Gillian Guy, chief executive of Citizens Advice, said: “We are encouraged that Ofcom will make companies send a reminder to their customers when their contract is about to end.
“But, given the scale of the loyalty penalty, this won’t be enough to solve the problem.”
She added: “The CMA was clear in its response to our super complaint that regulators must report on their progress by June.
“We look forward to hearing about the concrete actions Ofcom will take to end this systematic scam.”
How to avoid the £4billion loyalty penaltyTHE best way to beat the loyalty premium is to check if you can switch and save.
These are some of the best websites to use to find a better deal on your provider. Remember though, if you are thinking about switching before your term is up then you could face an early exit fee.

Ofcom said it was already drawing up plans to help customers from July last year, and that the new rules aren’t a direct response to the super complaint.
Under the new rules, firms will have to tell customers between 10 and 40 days before their contract ends:

the contract end date
the price paid before this date
any changes to the service and the price to be paid at the end of this period
information about any notice period required to terminate the contract
and the best deals offered by their provider, including telling loyal customers what prices are available to new customers.

If customers choose to stay with their provider, they will be sent a reminder about their firm’s best deals every year under the new rules.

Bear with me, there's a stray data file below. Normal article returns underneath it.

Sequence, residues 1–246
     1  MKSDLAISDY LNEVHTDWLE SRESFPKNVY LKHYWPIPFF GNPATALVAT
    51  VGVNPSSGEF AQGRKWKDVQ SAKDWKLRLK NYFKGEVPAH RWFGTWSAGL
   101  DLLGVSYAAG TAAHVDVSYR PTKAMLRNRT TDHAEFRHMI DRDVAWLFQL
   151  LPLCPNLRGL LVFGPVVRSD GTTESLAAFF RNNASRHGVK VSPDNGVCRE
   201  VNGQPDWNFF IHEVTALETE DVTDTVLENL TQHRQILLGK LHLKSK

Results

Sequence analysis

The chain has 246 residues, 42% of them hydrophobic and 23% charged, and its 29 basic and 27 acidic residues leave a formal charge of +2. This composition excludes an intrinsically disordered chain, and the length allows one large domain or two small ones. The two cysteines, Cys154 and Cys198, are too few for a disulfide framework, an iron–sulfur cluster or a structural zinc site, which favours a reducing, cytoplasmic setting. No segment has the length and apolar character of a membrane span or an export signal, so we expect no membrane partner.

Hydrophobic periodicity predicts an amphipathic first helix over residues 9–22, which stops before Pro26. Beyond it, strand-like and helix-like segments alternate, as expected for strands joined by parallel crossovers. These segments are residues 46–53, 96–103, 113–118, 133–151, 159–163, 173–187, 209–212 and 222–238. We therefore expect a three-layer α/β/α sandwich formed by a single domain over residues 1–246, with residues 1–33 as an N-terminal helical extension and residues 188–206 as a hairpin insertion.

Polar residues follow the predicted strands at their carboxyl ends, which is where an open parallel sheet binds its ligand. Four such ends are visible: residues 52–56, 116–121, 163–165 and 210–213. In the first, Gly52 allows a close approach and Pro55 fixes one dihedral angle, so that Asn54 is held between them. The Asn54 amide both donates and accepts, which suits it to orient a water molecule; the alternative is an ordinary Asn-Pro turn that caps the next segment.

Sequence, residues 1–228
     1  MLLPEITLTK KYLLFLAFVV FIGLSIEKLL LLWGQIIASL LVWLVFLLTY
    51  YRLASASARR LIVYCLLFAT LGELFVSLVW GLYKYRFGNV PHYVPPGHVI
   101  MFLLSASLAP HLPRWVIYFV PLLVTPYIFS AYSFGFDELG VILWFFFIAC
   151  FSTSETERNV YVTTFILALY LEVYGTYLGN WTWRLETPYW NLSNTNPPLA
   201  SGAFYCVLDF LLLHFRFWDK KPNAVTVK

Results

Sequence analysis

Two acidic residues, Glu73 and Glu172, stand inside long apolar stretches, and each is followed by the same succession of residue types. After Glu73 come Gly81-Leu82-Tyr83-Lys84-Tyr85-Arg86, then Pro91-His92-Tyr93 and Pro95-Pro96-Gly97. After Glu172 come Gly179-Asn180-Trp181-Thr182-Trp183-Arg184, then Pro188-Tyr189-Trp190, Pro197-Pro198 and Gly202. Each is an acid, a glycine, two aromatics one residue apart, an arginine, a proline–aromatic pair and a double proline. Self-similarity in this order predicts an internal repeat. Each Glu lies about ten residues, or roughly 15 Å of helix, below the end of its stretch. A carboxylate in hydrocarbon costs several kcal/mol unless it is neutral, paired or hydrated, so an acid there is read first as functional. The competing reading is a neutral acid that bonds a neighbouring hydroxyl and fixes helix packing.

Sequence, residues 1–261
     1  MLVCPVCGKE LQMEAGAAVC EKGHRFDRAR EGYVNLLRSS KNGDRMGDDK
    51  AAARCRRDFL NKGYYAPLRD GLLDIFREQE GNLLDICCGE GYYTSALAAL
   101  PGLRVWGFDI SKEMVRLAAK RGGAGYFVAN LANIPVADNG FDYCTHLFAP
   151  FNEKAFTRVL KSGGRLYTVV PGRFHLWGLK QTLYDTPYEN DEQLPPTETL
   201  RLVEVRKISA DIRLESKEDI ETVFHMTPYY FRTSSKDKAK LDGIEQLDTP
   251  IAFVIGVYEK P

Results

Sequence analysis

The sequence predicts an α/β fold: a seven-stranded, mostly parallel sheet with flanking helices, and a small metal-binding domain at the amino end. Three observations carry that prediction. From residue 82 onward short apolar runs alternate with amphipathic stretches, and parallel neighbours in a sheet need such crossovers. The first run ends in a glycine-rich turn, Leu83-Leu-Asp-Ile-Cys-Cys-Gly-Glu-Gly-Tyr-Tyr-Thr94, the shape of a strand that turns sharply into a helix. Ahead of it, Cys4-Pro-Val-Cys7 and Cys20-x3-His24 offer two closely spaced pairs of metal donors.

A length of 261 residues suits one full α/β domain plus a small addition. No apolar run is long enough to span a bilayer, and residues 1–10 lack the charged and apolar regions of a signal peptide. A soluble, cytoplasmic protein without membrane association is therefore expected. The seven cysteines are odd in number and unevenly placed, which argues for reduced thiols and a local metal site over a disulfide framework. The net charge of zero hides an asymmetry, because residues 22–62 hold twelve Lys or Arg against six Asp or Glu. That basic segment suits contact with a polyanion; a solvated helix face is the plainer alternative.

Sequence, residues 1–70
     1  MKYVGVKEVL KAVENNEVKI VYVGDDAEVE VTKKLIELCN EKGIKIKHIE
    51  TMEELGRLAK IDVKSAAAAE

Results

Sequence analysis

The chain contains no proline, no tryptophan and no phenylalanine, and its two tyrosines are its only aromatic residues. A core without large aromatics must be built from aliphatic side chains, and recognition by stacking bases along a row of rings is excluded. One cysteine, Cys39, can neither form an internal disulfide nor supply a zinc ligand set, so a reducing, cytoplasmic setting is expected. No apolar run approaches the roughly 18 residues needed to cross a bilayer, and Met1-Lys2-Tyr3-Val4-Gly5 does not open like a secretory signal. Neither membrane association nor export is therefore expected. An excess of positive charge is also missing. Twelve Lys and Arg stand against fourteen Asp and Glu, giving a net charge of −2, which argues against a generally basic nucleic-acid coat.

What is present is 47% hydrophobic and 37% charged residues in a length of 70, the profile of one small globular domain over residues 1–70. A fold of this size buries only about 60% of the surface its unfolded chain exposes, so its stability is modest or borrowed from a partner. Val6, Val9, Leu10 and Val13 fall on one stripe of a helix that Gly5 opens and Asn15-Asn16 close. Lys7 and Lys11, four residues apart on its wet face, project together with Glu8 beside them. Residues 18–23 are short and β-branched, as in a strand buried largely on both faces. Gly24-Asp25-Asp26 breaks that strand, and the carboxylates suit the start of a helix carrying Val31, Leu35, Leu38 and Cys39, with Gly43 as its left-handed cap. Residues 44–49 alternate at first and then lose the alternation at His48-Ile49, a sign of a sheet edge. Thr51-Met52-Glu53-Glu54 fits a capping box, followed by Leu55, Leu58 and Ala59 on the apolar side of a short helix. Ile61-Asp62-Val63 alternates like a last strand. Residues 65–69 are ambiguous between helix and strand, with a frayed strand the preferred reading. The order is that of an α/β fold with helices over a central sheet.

Natalie Hitchins, for comsumer group Which?, welcomed the new rules and said: “This is a step in the right direction.
“Providers should be fighting hard to show that they deserve to hold on to their customers, not hitting them with an unexpected price hike the minute their contract is up.”
Lindsey Fussell, Ofcom’s consumer group director, said: “We’re making sure customers are treated fairly, by making companies give them the information they need, when they need it.
“This will put power in the hands of millions of people who’re paying more than necessary when they’re no longer tied to a contract.”
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Switch and save an average of £219 – Use comparison sites such as MoneySuperMarket.com or EnergyHelpline.com to find the right deal for you
Set a reminder – After 12 months your fixed deal will come to an end and you may move on to what’s called a “standard variable tariff” which could be significantly higher. Make sure you’re ready to look for a new deal in 12 months, or…
Sign up to Switchcraft, get £5 cashback and never worry about switching again – New free-to-use automatic energy switching service Switchcraft moves you on to the right energy deal. It then searches for better ones once you’re signed up and moves you onto them automatically at the end of your plan. Sign up here.

A fiver will be paid into your bank account within four months of completing the switch. prepayment meter customer customers will receive a £5 Amazon voucher. Open to those 18 and over. UK residents only. Click here for full T&Cs.

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Meanwhile, MPs have called for banks and insurers to publish the amount people are overcharged by.
And this week, EE announced its customers will be hit with a 2.4 per cent price hike.
O2, Three, Vodafone, and Virgin Mobile have all recently announced hikes too.
Are you wasting £92 a year on phone bills? New app Yboo helps you switch to cheaper deal